If the most serious internal control violation is a failure to implement internal controls in the first place, the failure to monitor existing internal controls is a close contender. Identify where in the organization effective monitoring occurs and leverage those successes. Conversely, identify instances where monitoring is non-existent or ineffective and implement process improvements. The Internal Control – Integrated Framework, which is the internal control framework of choice, developed by the Committee of Sponsoring Organizations of the Treadway Commission (COSO), includes monitoring of internal controls as one of the five essential and integrated components of effective internal controls.
Rochester Drug Cooperative (Rochester) is a recent case study on the breakdown of effective monitoring. For Rochester, the breakdown led to arrests of senior management officials.
As an approved drug distributor, Rochester has a legal obligation to maintain effective internal controls over sales to dispensers, to prevent the diversion of controlled drugs to illegitimate uses. For instance, routine monitoring procedures should identify orders that are of an unusual size or frequency or deviate from a normal pattern, because these could be red flags for illegitimate uses. The Internal Control – Integrated Framework describes these routine monitoring procedures as ongoing evaluations.
Rochester implemented controls to address the above, but they were not operating effectively, and the monitoring process failed. Rochester reportedly ignored red flags that some of its customers were dispensing drugs improperly. The compliance function, which is part of the second line of defense against risk, appeared to have been working as designed. However, it was thwarted by operational managers or process owners (the first line of defense) who failed to take appropriate corrective action when notified that there were process deficiencies.
Senior management was complicit, and an additional monitoring process, the reporting and communication to the board, also appeared to have failed. Consequently, the unwillingness of the first line of defense to take appropriate corrective action was allowed to go unchecked. (Read more about the Institute of Internal Audit’s (IIA’s) Lines of Defense model in Finance and Accounting PolicyPro, Volume II, GV 1.08 – Relationship with Internal Auditors and about Rochester on the IIA’s website at Willful Subversion of Second Line of Defense Can Land You in Jail).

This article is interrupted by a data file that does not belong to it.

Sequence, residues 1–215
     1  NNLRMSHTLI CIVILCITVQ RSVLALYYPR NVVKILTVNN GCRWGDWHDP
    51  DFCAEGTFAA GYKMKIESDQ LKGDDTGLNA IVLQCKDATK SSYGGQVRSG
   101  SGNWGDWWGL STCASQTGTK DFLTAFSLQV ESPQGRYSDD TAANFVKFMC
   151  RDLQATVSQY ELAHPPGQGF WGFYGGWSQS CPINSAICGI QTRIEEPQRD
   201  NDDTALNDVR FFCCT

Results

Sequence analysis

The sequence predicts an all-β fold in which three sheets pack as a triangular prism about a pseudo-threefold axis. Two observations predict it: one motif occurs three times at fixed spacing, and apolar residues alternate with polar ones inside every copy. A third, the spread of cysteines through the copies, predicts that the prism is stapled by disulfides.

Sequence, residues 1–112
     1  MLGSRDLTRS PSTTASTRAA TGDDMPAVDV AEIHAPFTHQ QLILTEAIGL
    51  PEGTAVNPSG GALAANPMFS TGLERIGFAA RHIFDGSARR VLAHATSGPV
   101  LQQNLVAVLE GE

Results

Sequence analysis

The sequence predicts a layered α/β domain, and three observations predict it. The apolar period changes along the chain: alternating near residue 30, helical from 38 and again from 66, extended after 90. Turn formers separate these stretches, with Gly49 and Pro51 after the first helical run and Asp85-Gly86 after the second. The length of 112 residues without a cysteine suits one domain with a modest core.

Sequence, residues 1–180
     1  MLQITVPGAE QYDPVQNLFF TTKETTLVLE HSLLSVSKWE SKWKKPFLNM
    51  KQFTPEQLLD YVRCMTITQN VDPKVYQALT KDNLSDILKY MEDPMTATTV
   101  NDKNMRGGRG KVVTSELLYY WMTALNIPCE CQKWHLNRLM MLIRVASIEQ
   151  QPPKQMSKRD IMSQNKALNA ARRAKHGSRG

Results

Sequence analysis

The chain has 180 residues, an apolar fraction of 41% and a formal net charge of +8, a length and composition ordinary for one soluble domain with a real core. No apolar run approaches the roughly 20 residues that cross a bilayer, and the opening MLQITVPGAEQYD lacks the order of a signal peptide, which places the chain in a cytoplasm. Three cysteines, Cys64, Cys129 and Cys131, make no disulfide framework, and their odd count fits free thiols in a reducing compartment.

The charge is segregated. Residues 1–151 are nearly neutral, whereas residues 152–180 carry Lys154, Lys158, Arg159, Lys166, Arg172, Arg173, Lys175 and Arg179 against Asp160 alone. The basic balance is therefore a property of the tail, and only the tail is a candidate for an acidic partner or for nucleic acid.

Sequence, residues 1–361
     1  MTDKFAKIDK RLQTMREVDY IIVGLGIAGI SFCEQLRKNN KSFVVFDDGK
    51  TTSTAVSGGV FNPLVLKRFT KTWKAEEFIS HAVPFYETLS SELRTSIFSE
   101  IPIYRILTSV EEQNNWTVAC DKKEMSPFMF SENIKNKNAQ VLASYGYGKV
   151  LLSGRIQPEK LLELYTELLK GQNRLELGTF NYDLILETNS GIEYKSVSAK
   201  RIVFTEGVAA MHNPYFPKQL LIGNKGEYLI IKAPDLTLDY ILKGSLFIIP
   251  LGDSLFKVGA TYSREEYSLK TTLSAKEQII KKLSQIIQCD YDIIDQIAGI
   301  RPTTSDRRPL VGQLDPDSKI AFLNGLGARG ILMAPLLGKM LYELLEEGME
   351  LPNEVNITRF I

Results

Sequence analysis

There are numerous strategies which organizations can use to monitor internal controls effectively, including the following:
- Testing by internal audit, which is an example of what the Internal Control – Integrated Framework defines as periodic or separate evaluations;
- Analysing and following up on exception reports. Anomalies or exceptions may be indicators of internal control failures; and
- Reconciling, reviewing and other supervisory activities, as part of normal ongoing operating procedures.
It is not enough to implement internal controls. They have to work. To determine if your internal controls work, you have to monitor them. When you receive the results from your monitoring processes, you have to do something about them. You have to review, investigate, and if necessary, take corrective action so that internal controls can operate effectively. Boards should ensure that senior management teams implement effective monitoring and report to the board about the same.
Read more about strategies to help you monitor internal controls effectively, in Finance and Accounting PolicyPro (GV 6.04 – Internal Control Monitoring).
Policies and procedures are essential to monitoring internal controls, but the work required to create and maintain them can seem daunting. Finance and Accounting PolicyPro, co-marketed by First Reference and Chartered Professional Accountants Canada (CPA Canada) contain sample policies, procedures and other documents, plus authoritative commentary in the area of finance and accounting, to save you time and effort in establishing and updating your internal controls and policies. Not a subscriber? Request a free 30–day trial of Finance and Accounting PolicyPro here.
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